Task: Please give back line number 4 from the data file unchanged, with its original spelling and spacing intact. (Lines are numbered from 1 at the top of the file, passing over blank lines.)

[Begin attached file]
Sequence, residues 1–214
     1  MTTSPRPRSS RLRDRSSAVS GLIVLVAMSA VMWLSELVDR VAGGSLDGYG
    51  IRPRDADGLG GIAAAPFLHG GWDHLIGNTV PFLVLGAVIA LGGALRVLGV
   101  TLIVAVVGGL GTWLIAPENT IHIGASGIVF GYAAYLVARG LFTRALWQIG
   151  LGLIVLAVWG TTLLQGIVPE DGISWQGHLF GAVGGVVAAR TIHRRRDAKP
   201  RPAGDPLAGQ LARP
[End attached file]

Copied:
   101  TLIVAVVGGL GTWLIAPENT IHIGASGIVF GYAAYLVARG LFTRALWQIG